Great slogans imply standards that have to be achieved if the slogan is to work

Mo Drake the creator of the “Beanz Meanz Heinz” slogan has died at the age of 92.

The key thing with a slogan is credibility. It mustn’t just be catchy, it must be capable of being seen to be true. “Beanz Meanz Heinz” did that. It confirmed what was entirely credible – that Heinz took the humble baked bean away from commodity status and made it special. And when you do that your customers will pay a premium price, or enough of them will be make it worthwhile.

In my Shell career I worked with a slogan that for me is up there with the best – “You can be sure of Shell”. My memory fades a bit but I think the slogan originated on posters in the 1920s. Post war Ogilvy and Mather, during David Ogilvy’s time, refined it and made it ubiquitous . For the slogan to have worked it had to be seen to be true. Not one word is wasted. “You” says that we serve our customer or partner (etc.). So it’s not about us but about your needs. “Can be” is assertive and certain. No ifs and buts. “Sure of” says rely upon. Again confident and unequivocal. “Shell” is the brand name – and there’s only one Shell.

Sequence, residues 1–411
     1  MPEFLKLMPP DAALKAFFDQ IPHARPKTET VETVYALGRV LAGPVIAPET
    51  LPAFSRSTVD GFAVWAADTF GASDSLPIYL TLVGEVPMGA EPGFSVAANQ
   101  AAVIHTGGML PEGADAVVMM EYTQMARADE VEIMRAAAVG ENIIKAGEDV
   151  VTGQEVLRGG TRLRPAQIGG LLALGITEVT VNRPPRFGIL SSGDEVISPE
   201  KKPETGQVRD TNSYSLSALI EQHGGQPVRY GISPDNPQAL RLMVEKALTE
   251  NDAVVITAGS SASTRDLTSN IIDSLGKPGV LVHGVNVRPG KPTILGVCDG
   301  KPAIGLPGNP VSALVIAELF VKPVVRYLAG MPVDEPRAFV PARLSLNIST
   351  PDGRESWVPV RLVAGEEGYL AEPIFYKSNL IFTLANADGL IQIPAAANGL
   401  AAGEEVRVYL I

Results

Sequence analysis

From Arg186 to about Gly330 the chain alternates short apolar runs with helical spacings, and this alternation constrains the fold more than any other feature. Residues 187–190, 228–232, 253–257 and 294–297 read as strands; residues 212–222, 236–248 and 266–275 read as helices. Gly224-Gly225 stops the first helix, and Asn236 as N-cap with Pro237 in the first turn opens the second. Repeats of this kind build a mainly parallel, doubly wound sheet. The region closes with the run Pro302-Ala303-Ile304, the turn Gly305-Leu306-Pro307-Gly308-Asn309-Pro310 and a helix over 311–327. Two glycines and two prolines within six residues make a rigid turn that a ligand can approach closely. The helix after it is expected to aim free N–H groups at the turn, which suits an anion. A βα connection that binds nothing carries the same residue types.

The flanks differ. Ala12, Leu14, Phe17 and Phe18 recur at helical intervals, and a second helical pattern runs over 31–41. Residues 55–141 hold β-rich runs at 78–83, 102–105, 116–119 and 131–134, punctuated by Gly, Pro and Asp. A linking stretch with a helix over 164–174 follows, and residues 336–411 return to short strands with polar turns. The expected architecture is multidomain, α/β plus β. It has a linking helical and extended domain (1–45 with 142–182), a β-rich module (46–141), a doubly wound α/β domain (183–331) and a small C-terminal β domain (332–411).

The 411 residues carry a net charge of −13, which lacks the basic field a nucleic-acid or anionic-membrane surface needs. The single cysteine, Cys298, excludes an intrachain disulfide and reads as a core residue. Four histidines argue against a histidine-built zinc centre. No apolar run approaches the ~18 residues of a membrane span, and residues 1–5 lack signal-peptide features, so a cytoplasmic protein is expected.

Internally “You can be sure of Shell” was a challenging target. If something we were doing brought the certainty into question the slogan was a vital check. If for whatever reason Shell could not be relied upon (it happened!) then that had to be rectified or the slogan became a lie.

For Heinz they had to source the best beans and deliver them in a superior way. Taste tests had to give Heinz the edge. Otherwise Heinz would no longer mean Beans. The own label brands would drag them down to their level and price would be the only discriminator.

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